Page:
With Government desperately seeking to raise revenue, President of the Barbados Renewable Energy Association (BREA) Aidan Rogers is suggesting that the hotel sector be made to pay a higher rate of Value Added Tax (VAT).
Rogers mooted the idea today while contending that the sector was responsible for about out 15 per cent of total electricity costs.
“You can ask the hotel sector to pay a bit more in the VAT rate. I am no economist, but I put that issue on the table because we are in a crisis and we need to be brutally honest with the circumstances. All of us have been asked to sacrifice,” Rogers said during a BREA meeting at United Nations House on Friday, called to discuss the state of the renewable energy sector, including financing in times of crisis.
Rogers said while it was no secret that the hotel sector has been paying less than half of the effective VAT rate of 17.5 per cent for at least four years, this was a luxury the island could no longer afford.
“We are in a fiscal crisis. As recently as the interim draft of the National Sustainable Energy Policy, the consultants tasked with preparing that draft identified that the Barbadian hotel sector, which is just in excess of 100 hotels, . . . accounts for 15 per cent of the island’s national electricity consumption. I stand to be corrected,” Rogers said, adding that “if you had to look at the aggregate percentage of our fuel import bill for electricity generation and what that translates to, I am sure that even with low oil prices now, it probably would be in excess of $10 million or $15 million”.
His comments came in light of the 500 per cent increase in the National Social Responsibility Levy (NSRL) from two to ten per cent, a tax that from which the renewable energy sector is currently seeking exemption.
The VAT rate for the tourism sector was lowered to 7.5 per cent in October 2013 at an estimated cost to the Treasury of $9 million annually.
Immediately following the May 30 Budget presentation, Chairperson of the Barbados Hotel and Tourism Association Roseanne Myers had expressed joy that Minister of Finance Chris Sinckler had not raised VAT on the sector, which is also exempted from the NSRL in keeping with the Tourism Development Act.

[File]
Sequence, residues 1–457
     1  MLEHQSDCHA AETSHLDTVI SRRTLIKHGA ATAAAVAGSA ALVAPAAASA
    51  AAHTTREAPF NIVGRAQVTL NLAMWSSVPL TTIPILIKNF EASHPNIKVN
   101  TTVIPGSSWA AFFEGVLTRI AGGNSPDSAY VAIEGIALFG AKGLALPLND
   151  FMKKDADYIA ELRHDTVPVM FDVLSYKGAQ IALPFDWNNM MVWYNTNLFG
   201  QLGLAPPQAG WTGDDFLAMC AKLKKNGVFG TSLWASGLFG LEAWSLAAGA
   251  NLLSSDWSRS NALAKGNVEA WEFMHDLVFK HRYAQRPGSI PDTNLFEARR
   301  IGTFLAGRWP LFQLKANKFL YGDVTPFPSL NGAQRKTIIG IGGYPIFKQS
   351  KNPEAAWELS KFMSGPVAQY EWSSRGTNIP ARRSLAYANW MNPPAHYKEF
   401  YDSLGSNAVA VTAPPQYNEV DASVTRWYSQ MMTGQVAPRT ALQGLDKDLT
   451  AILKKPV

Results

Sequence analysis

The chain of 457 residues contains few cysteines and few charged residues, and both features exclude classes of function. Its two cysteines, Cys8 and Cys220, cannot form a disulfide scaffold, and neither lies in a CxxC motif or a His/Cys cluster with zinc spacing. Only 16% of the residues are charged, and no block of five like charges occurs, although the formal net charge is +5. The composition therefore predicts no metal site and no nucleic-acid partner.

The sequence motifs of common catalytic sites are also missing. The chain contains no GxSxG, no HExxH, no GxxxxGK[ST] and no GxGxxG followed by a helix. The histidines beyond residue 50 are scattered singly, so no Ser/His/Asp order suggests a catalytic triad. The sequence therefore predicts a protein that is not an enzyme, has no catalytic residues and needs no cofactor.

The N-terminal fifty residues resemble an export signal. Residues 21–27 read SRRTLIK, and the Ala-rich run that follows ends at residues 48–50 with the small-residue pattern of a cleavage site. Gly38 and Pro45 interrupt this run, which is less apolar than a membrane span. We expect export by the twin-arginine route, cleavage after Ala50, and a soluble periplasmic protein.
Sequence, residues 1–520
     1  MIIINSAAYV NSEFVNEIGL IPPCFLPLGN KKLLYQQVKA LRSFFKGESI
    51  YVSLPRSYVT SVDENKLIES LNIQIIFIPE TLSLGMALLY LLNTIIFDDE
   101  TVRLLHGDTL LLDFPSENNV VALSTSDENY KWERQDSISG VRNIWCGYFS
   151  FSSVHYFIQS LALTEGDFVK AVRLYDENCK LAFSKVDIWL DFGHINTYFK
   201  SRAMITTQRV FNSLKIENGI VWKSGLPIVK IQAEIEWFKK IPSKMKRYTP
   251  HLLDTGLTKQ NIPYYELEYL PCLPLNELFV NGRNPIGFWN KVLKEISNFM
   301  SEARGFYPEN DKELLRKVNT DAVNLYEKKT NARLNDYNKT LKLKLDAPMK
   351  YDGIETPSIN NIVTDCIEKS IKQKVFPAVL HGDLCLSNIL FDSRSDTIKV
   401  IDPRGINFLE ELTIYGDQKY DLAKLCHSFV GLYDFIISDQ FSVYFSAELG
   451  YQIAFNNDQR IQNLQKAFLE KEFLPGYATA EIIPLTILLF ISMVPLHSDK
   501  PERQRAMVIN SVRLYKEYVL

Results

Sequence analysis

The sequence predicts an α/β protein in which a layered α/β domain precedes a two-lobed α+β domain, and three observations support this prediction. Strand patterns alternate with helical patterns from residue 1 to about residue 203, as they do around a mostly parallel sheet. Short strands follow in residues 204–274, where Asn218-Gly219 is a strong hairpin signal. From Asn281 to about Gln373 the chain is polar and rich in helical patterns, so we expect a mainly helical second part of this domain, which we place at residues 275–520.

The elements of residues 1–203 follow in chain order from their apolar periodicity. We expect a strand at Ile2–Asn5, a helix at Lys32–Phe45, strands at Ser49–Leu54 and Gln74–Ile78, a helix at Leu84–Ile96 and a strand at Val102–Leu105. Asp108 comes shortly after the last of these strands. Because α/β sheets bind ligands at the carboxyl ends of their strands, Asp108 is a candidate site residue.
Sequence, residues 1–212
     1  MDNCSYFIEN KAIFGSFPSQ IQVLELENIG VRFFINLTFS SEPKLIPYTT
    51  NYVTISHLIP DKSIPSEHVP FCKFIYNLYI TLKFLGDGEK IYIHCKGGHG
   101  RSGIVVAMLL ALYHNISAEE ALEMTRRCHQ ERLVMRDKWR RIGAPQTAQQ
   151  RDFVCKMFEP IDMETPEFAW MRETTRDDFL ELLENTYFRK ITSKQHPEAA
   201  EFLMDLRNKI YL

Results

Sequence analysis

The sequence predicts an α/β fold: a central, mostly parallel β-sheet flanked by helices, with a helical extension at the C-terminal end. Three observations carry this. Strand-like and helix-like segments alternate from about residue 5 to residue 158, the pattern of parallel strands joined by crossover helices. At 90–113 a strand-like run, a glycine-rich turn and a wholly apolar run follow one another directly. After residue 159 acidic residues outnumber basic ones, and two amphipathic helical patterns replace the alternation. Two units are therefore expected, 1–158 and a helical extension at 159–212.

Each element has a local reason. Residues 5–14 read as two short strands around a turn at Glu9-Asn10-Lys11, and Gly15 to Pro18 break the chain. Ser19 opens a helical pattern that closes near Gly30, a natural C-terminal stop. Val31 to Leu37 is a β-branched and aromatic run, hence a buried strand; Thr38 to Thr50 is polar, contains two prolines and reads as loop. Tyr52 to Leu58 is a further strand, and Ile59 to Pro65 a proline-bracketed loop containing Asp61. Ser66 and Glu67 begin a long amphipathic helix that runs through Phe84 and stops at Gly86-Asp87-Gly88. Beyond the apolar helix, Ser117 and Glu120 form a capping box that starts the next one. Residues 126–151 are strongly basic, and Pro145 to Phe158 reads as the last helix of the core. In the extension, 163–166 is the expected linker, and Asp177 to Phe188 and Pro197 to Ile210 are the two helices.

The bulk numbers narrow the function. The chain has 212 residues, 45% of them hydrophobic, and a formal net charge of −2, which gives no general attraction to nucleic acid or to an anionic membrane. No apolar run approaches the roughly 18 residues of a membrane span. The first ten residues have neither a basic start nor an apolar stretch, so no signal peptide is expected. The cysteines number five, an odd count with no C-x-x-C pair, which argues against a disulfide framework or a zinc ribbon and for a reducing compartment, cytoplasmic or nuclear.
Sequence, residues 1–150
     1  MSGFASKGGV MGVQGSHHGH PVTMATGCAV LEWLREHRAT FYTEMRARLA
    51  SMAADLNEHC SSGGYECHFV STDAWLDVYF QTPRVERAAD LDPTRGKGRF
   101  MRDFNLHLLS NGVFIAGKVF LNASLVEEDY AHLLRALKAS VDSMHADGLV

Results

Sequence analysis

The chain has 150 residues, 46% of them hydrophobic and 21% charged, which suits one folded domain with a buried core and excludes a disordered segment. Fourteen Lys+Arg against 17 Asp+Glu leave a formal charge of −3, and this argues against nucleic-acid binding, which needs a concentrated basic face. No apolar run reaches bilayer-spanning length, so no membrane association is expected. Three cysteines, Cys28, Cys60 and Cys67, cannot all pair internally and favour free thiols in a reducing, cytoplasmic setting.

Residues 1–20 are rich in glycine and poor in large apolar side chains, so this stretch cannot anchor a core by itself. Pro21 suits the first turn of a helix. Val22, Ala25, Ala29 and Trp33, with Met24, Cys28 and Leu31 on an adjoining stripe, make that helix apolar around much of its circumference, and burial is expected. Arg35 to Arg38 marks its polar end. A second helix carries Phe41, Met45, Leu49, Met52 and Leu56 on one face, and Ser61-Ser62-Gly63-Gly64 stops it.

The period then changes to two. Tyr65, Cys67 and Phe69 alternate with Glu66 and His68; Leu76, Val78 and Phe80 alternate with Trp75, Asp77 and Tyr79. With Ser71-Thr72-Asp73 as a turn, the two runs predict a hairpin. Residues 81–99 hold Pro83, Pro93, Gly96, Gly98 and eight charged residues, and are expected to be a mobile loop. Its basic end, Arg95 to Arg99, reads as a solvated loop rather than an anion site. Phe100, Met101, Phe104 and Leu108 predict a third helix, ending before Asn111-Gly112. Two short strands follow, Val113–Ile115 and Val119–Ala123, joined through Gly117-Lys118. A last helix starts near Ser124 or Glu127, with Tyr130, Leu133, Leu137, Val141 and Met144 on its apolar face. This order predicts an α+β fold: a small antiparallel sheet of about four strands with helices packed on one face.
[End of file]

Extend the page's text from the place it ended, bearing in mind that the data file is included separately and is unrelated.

Though making it clear he was not picking on the hotel sector and that there were no quick fixes to the fiscal crisis facing Barbados, Rogers said hoteliers could play a greater role in ensuring energy efficiency since that remained one of the “lowest hanging fruits”.
“The reason energy efficiency is seen as the lowest hanging fruit is because one of the fortunate sectors in this economy, which has received from inception, an exemption from the National Social Responsibility Levy, is the tourism sector. That very sector can significantly improve their energy efficiency and their energy consumption by investing in some of the very energy efficient technologies that will now be affected – lighting, air conditioning, and solar water heating for hot water that they require,” he said.
“So these are some of the issues that we have when you look at the expanse of some of the implications for this renewable energy sector from the recent budgetary proposals,” insisted Rogers, while making it clear that BREA was not asking for incentives or handouts.
The renewable energy enthusiast pointed to a 2011 study of the tourism sector, which showed that about 60 per cent of its energy costs were for electricity and air conditioning.
Rogers said while some hoteliers had since attempted to incorporate more energy efficient methods in their operations, by and large a lot of the results from the study had not been acted upon, including a recommendation of a US$20 million investment in renewable forms of energy and energy efficiency that by now would have been saving the country foreign exchange on fuel imports.
Charging that Government earns close to 20 per cent of its revenue from the fossil fuel sector, Rogers suggested this may have put the authorities in a “catch-22” situation, and could also explain a perceived “sense of fear or trepidation to push aggressively towards the integration of renewable and sustainable energy technologies”.
The BREA president said Government’s focus on raising revenue from taxes on fuels to help with social services, was “one of the biggest barriers to significant progress in terms of advancing the renewable energy sector”.